Louis Armstrong House Museum opens its doors for virtual visitors

Louis Armstrong House Museum opens its doors for virtual visitors

When Louis Armstrong moved to Queens in 1943, he laid roots that reach into the present. Kept much as it was during the decades Armstrong and his wife Lucille lived there, his modest brick home is now the Louis Armstrong House Museum — a steadfast resource for scholarship and the jazz community.

On Tuesday, the museum launched the new virtual exhibition “That’s My Home” to give those in isolation a peek into the life of the jazz legend. A collage of archival photographs, voice recordings and writings, the digital experience offers an immersive exploration into how Armstrong lived out his days in the house, where he created music and hosted friends.

Louis and Lucille Armstrong pose on their living room floor in May 1970. Photo by Yuzo Sato. Courtesy of the Louis Armstrong House Museum.
Louis and Lucille Armstrong pose on their living room floor in May 1970. Photo by Yuzo Sato. Courtesy of the Louis Armstrong House Museum.

“For 25 years, Queens College has proudly preserved the Louis Armstrong Research Collections and has opened its doors to anyone with an interest in this monumental artist,” Jeff Rosenstock, the museum’s acting director, said. “Today we celebrate the precious time Satchmo spent at home in Corona, Queens, as we spend time at home ourselves. We hope that we can all draw inspiration from Armstrong’s love for his neighborhood, his community and New York, his adopted city.”

The exhibition will expand in the coming weeks to include virtual tours of the home, livestreamed discussions and more.

During his time in Queens, Armstrong amassed a large archive of personal recordings. In an essay accompanying the online exhibition, Louis Armstrong House Museum Research Collections Director Ricky Riccardi notes that the musician began taping conversations, programs, dinners and other activities in the 1950s. The audio from these dispatches is dispersed throughout “That’s My Home” between photographs and Riccardi’s insights, allowing for readers to take a deep dive through virtual holdings.

Louis warming up on his trumpet in his den in 1958, with tape recorders, records and collages behind him. Photo by Charles Graham. Courtesy of the Louis Armstrong House Museum.
Louis warming up on his trumpet in his den in 1958, with tape recorders, records and collages behind him. Photo by Charles Graham. Courtesy of the Louis Armstrong House Museum.

Armstrong’s recordings didn’t stop at music and conversation. The jazz icon used his tape machine to read news clippings and reviews, creating a document of how he consumed media coverage about himself.

“I’ve been putting it on my tape recorder from the radio,” Armstrong said in one session unearthed and singled out by Riccardi. “I have all kinds of statements and different things, which will be good to remember when I get to be a hundred years old.”

An attempt to satisfy a frequently sought after question about what constituted a typical day for Armstrong, the exhibition dedicates a section titled “Eulogizing the Chops” to the icon’s various musical warm-up routines. Complete with recordings that feature Armstrong speaking to what he may have imagined would be his future audience, and intimate photos from some of his last at-home sessions before his health steeply declined, the section walks viewers through how he approached practicing over a span of nearly 20 years. With no real set schedule established by Armstrong, the recordings vary in content, vacillating from more deliberate documentation to casual riffs.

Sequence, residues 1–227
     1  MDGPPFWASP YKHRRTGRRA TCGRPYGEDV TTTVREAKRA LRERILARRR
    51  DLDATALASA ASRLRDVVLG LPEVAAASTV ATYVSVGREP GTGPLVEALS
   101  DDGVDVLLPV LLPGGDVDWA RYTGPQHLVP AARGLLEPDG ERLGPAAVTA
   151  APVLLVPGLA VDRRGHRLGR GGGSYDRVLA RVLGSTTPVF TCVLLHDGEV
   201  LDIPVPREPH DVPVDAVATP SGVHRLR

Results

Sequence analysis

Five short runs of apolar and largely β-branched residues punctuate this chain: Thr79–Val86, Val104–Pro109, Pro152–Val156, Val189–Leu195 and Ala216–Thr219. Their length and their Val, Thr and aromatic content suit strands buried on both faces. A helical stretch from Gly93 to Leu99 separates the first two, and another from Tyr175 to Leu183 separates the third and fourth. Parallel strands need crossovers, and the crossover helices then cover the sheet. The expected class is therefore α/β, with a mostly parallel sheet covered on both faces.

Another entry into the current iteration of the exhibition is a two-and-a-half-hour interview with Down Beat editor Dan Morgenstern, who conducted the conversation with Armstrong in May of 1965 for a dedicated spread celebrating the musician’s 65th birthday. Morgenstern was accompanied by Jack Bradley, who took a handful of photographs from that day, painting a comprehensive picture of what happened.

In her widowhood, Lucille Armstrong often gave interviews about her late husband and the time they spent in Queens. This photo dates from c. 1980; she passed away in 1983. Courtesy of the Louis Armstrong House Museum.
In her widowhood, Lucille Armstrong often gave interviews about her late husband and the time they spent in Queens. This photo dates from c. 1980; she passed away in 1983. Courtesy of the Louis Armstrong House Museum.

The lives of those who surrounded Armstrong in the house are dutifully contextualized through “That’s My Home” — with special attention paid to his wife Lucille, who helped to preserve Armstrong’s legacy after his death in 1971. Under her tutelage, the house was named a National Historic Landmark in 1977, paving the way for the museum as it stands today.

The collection, which includes a veritable trove of materials, was digitized and made available to the public in 2018, following a major $2.7 million grant from Robert F. Smith’s Fund II Foundation. Those wishing to dig even deeper into the Armstrong holdings can find the archive in its entirety on the museum’s website.

Top Image: Louis Armstrong entertains the neighborhood kids on the front steps of his Queens home in the summer of 1970. Photo by Chris Barham. Courtesy of the Louis Armstrong House Museum.